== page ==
Remember those glass postcard holders from the 1950's? You slid the postcard in between the rectangles of glass to display it. We never had one in my home, growing up, mainly because we never went anywhere. And I don't mean anywhere good. We never went anywhere. Other than an infrequent, to say the least, trip to the Twin Cities, we rarely went more than thirty miles from home. World weary travelers, we were not. A travel fund, we did not have. Family vacations? Didn't happen. The money simply wasn't there. The closest we came was going over to Wisconsin in the fall of '66 to visit my dad's relatives where we slept in a cabin by a river. My sister Jane and I didn't know it at the time but it was the same cabin my paternal grandfather was living in several years earlier when he took a shotgun, walked into the woods, and ended his life. That night on the Yellow River was one of the coldest of my life. I'll tell you about it some time.
Once in a while I flash on my much younger self, remembering her walking through her grandparent's bedroom and seeing for the first time one of those postcard holders sitting on their dresser. I remember that the card was from the Black Hills. I think that is the exact moment I got bit by the travel bug, when The West started calling my name. Just the name of a certain place, the sound it makes traveling off my tongue, draws me to it in an almost magnetic pull. I once drove a certain route through Montana just so I could go through a town called Round-up. Then, there's Jackson Hole, Santa Fe, Yellowstone, Cheyenne, Coeur d'Alene, and Cripple Creek.
It sits in a valley, high in the Rockies of Colorado. It's not a place you would choose for a winter spot. It's no Aspen. But they know beauty. At dusk locals drive up a steep and winding dirt road where it veers off at the edge of town. They park their cars, stand on the ridge overlooking the town, and wait for the sun to set behind the Rockies. A friend and I joined them on a trip there in the early '90's. It was a spectacular light show.
Now, it's another town gone horribly awry, another old mining town that succumbed to the lure of gold in the form of a casino ... many casinos. Before I go off on a tangent about The Way Things Are, let me tell you a little bit about The Way Things Were, the Cripple Creek I fell in love with back in 1975.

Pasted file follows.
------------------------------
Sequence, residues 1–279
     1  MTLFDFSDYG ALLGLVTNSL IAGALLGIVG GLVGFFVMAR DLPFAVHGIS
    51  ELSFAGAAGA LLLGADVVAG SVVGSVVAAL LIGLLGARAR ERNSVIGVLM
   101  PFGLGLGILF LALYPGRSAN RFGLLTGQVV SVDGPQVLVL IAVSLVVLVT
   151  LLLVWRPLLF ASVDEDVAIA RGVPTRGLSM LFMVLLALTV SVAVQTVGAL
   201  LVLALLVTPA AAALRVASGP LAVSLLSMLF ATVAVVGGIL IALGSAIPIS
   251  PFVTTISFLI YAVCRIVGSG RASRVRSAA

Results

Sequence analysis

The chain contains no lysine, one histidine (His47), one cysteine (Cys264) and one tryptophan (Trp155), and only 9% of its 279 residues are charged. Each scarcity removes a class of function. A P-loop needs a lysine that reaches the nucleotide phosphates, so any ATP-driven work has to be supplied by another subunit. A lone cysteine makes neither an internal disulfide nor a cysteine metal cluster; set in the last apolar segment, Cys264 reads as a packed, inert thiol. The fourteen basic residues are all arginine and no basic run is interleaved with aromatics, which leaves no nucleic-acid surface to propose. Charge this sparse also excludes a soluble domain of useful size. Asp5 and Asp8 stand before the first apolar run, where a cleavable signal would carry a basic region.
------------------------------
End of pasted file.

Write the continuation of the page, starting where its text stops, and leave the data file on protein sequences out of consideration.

It was the same summer I first went out west with my son, Trevor, and his dad. I had long felt the romantic draw of this western mountain town. It represented something unnameable to me. It had a colorful history that seemed to have a ghost-like presence in its streets. I had heard the unlikely but irresistible tale of finding turquoise on the dirt side streets ... if you looked hard enough after a rain. So, shortly after arriving in town I wandered up a side street with my nose to the ground, keeping my eyes peeled just in case. I made a right turn and found myself down yet another small side street that sat above the town. It was a dead end that ended up outside what I thought was one of the coolest old houses I'd seen. It had multi-brown shingled siding with some big pine trees right outside the door. Out back, a chicken coop was definitely leaning to the left. I stood outside this house for a few minutes and imagined who might be occupying it: somebody cool, a leftover hippie holing up in Cripple Creek waiting for the world to change. I had to pull myself away from the fantasy of living my life in Cripple Creek, waiting with them.
Meanwhile, down on Main Street I could hear the sound of a dulcimer. I walked back down and saw a gal sitting on a bench playing it as it lay there across her lap. It was the sweetest sound I'd ever heard. The buildings, the sidewalks, the people ... everything about this place said, 'Life Is Good.' It was sunny and laid back and had stores with names like The Brass Ass. It had a big brass ass, as in donkey, in the storefront window. I bought a t-shirt which I have to this day with its name and logo on it. I haven't worn it in a while ... quite a while. It was my thing then ... buying t-shirts and belt buckles from every cool stop along the way. I collected a few.
We spent the day wandering the streets, licking ice cream cones, listening to the dulcimer in the distance and finding trinkets to take home to family and friends. We visited the old library which stood at the end of main street like a matriarch keeping watch over the town. That reminds me ... sometime I want to tell you about some cool libraries I've known. This was one of them ... creaky wood floors ... the musty smell of old books ... and a couple of older women who ran the show ... who were probably younger than I am now.
The Brass Ass is now a casino ... the library, a museum. Time marches on.
In '75 we were just passing through. It was not a destination. It didn't become that until many years later when I went back with a friend who had once lived there. We were looking through his photograph albums one day as he told me about his years in Cripple Creek. There it was. The brown shingled house on the dead end side street I'd stood in front of for the longest time back in '75. He was living in that house then. He said he decided to move back to Minnesota later that summer and create a homestead out of the woods. Life is a funny little thing, isn't it?
Note: one of my earliest posts mentions Cripple Creek: Merriam-Webster Is a Friend of Mine, May, 2009. You might find it interesting...
The vintage postcard of the sunset over Cripple Creek is from 1899.